In a following segment with the co-author of Right-Wing Populism in America: Too Close for Comfort, Chip Berlet, Biggers addressed how the violence might impact democracy: “We have a radical right state legislature who is really obsessive and hell-bent on having some sort of confrontational defiance of federal authority. And many people here in Tucson are really trying to come to grips [with] how there can be more public events to have greater access to politicians, and that really has been jeopardized.” Biggers predicted, “Ultimately in the future, we’re going to be having less access to our elected officials and more influence, even more influence with the gun lobby and other lobbyists.”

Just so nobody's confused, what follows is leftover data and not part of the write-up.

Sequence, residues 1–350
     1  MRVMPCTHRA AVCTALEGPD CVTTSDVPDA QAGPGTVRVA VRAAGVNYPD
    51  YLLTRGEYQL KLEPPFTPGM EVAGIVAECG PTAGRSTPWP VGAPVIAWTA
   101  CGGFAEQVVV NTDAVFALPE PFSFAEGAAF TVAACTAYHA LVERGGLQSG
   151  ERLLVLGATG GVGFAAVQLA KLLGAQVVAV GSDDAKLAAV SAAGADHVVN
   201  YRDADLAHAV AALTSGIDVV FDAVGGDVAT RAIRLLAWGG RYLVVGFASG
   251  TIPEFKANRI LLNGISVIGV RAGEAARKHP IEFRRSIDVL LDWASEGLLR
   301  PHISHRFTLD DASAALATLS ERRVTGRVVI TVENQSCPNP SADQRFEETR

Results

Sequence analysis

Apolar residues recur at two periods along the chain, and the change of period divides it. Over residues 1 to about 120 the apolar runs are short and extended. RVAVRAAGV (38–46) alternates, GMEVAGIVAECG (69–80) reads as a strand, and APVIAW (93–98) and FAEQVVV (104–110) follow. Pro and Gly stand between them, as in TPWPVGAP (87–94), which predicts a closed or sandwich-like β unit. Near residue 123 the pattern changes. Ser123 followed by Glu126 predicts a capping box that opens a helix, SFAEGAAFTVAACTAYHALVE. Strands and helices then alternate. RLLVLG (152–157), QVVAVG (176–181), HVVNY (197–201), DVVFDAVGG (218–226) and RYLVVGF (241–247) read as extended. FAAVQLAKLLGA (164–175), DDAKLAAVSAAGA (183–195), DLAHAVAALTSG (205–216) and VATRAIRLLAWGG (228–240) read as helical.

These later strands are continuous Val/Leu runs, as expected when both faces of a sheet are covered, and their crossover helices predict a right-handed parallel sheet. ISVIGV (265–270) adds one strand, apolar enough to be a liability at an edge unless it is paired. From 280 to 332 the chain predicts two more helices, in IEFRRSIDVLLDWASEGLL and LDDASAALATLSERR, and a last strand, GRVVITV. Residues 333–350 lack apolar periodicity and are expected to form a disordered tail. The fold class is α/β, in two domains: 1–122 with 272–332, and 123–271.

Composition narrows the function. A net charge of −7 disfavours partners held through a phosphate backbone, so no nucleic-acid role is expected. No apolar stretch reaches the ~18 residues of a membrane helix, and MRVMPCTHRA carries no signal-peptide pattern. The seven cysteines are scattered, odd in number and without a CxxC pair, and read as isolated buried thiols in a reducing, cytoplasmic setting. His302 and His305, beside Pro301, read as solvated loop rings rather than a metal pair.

With Rahm Emanuel back in Chicago running for Mayor, President Obama this week appointed financial executive and former Clinton administration official William Daley as his new White House chief of staff. Daley, the Midwest chair of JPMorgan Chase, a board member of Merck and former head of SBC, also served as Al Gore's 2000 presidential campaign, and will likely lead Obama's 2012 re-election drive.
The problem with Daley? As The Nation's Ari Berman writes, "He shares the corporate centrism of Emanuel and, when it comes to economic issues, may be worse." In another move sure to please Wall Street, Obama plans today to name former Goldman Sachs consultant Gene Sperling to lead the White House National Economic Council, the post recently vacated by Lawrence Summers. Berman joined Democracy Now! this morning to explain what these appointments mean for Obama's presidency and the future of our economy.